Some comments

From: Marchal <>
Date: Mon May 10 03:35:37 1999

Hi Nick, Gilles, Jacques and all Everythingers,

Nick Bostrom wrote:
>The Self-Sampling Assumption (SSA), the idea that you should reason
>as if you were a random sample form the set of all observers,
>underlies many of the discussions we have had on this list. About
>half a year ago I discovered some paradoxical consequences of this
>assumption. It seems to imply that weird backwards causation and
>psychokinesis(!) is feasible in our world. In this small paper I
>describe these possible counterexamples and discuss whether they
>really are as paradoxical as they appear at first blush:

I think your paper is essentially correct, but the notion of "set of all
observers" is far from clear to me. In my work (cf signature below)
I use a much weaker *necessarily conditionnal (or relative)* "Self-
Sampling Assumption".

Gilles Henry wrote:
>But a conscious being cannot exist without being
>perturbated by its environment (in fact we are conscious BECAUSE we are
>constantly interacting with our environment).

This seems to me to be in contradiction with any standart
account of the dream phenomenon.
I just mean you cannot believe what you say here without being
with computationnalism.

Jacques M Mallah quoted a letter by Don N Page (adressed to Jacques M
> Thanks for your message. Jerry Finkelstein had asked me how the
>evidence of one's living to 2100 would be any diferent from the
>evidence of
>getting any other low-measure result, which would occur in MWI. (I
>suppose the
>only difference I see is that one would not be alive to be aware of the
>contrary evidence in other worlds.) But this got me to realize that
>the maverick worlds in which one would live to 2100 certainly exist in the
>they would have so low a measure that one experiencing it would be
>a very low typicality observation, which if one counts the typicality as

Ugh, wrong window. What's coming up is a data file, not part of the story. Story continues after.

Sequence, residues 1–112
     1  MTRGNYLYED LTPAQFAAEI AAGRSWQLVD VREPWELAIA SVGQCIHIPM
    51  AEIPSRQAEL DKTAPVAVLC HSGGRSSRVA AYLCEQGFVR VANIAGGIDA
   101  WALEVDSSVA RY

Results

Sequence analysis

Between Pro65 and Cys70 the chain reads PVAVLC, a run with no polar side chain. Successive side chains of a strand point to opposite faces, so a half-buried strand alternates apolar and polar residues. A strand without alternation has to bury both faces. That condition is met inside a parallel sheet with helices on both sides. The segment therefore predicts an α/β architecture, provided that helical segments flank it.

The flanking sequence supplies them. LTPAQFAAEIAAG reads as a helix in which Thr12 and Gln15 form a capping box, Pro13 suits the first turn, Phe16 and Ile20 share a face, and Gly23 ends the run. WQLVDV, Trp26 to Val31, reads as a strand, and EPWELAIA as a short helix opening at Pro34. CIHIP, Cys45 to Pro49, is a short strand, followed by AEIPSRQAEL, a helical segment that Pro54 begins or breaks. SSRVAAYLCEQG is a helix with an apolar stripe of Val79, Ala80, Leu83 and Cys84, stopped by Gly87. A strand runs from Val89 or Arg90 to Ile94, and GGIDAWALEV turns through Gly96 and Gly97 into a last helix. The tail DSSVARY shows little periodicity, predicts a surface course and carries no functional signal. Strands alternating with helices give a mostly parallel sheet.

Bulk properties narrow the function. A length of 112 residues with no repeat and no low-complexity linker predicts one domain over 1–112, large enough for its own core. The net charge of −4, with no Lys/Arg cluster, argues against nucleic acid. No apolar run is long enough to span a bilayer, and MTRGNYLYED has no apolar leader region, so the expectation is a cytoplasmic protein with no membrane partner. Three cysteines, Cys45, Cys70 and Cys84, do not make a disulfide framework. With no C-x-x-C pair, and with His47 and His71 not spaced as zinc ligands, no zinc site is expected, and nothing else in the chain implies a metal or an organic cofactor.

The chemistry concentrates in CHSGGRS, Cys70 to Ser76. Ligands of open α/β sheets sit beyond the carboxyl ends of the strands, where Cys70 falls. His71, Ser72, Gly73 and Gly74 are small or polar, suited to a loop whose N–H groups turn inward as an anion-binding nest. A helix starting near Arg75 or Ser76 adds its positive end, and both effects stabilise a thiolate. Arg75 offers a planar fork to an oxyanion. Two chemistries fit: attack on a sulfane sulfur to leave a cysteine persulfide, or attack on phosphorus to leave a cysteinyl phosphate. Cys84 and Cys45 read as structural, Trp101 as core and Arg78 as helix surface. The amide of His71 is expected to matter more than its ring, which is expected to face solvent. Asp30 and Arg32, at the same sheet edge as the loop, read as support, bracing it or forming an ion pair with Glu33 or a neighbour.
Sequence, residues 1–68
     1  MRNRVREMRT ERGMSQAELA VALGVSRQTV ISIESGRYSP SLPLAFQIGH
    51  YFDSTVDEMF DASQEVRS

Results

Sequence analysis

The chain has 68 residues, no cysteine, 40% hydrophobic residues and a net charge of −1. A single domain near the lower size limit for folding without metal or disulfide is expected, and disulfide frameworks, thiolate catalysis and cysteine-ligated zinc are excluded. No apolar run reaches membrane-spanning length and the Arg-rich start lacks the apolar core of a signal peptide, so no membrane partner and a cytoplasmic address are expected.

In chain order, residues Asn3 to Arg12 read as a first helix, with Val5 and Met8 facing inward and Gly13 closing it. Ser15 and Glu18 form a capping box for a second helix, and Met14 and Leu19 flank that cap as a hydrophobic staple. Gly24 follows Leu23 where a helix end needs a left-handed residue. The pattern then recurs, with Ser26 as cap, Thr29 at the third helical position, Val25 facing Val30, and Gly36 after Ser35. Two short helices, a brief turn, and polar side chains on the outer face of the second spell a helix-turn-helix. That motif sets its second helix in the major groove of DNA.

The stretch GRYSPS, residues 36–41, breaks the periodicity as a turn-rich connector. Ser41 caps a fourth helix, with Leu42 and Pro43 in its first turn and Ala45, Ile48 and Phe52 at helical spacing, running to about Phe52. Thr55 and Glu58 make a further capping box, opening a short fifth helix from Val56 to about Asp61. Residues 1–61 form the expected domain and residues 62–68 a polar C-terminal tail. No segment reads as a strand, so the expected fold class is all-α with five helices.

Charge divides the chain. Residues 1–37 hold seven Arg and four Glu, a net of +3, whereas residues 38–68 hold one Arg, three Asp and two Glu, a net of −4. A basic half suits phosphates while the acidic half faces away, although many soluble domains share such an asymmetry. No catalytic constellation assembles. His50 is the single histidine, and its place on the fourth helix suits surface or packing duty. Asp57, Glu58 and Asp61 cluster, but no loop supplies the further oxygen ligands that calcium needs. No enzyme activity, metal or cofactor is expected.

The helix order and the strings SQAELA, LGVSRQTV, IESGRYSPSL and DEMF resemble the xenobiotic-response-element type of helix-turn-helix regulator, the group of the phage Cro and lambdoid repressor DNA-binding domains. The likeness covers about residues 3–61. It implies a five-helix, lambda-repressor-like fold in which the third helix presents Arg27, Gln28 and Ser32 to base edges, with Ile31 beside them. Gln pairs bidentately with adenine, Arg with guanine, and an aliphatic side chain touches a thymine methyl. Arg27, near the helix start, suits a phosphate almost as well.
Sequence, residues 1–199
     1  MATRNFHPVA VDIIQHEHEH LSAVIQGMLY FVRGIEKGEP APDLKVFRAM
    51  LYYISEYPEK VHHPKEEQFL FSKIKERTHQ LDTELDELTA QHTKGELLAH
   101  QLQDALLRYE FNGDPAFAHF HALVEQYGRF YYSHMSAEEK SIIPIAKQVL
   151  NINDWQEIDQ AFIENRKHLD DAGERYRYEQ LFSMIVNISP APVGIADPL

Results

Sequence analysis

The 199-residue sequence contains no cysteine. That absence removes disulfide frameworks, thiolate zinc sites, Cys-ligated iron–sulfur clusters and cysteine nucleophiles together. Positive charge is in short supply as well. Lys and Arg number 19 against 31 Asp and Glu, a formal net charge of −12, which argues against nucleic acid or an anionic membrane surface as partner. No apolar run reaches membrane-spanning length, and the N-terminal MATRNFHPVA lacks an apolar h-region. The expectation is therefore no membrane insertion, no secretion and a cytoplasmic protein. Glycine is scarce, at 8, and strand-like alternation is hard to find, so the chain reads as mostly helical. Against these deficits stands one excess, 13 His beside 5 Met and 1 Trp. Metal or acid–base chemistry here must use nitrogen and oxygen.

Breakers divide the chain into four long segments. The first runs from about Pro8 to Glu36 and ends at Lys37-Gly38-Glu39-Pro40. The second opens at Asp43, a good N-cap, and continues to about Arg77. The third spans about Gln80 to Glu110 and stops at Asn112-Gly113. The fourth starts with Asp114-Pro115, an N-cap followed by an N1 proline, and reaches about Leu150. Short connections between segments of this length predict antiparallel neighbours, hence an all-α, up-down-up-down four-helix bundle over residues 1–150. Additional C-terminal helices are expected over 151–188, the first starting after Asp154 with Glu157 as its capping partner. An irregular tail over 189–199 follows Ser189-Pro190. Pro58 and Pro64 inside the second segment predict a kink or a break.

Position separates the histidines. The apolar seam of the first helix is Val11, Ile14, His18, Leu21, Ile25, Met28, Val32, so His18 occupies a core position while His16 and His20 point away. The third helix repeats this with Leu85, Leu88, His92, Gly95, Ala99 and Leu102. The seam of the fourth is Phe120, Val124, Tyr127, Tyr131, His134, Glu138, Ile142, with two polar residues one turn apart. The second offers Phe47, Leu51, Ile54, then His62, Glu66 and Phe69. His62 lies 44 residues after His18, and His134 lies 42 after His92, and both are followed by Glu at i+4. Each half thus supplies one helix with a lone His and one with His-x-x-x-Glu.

>likelihood, as I argue one should do in my Sensible Quantum Mechanics
>would be evidence agains the MWI just as strong as against the
> So I agree with your criticism.

So, Jacques, you succeed in convincing Don Page against Quantum
Immortality !
I would not be proud of that!

It seems that you (and Don Page now) reason like that :

Maverick worlds in which I am alive in 2100 are rare, so the probability
I feel alive in 2100 is low.
But, at least with computationnalism (or "comp" if you prefer: I mean the
hypothesis that I can survive with a digital *body*), I can only compute
the probability from a distribution defined on the worlds in which I
There is no sense in counting worlds in which I do not survive.
Typicality or likelihood are relative to the observer.

Of course the fact I feel alive in 2100 would not be necessarily a
confirmation of the MWI of Quantum Mechanics, it could be *just* a
confirmation of the MWI of computationalism.

You don't believe in comp-immortality, do you ?

Tell me if you agree at least with the weaker proposition:

     COMP + HE ====> immortality

where HE is the (extravagant) hypothesis saying that a real concrete
universal dovetailer (generating and executing all programs) exists
in our "universe".
If you agree, my only task will be to show you how to eliminate HE.


 Bruno MARCHAL Phone : +32 (0)2 6502711
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Received on Mon May 10 1999 - 03:35:37 PDT

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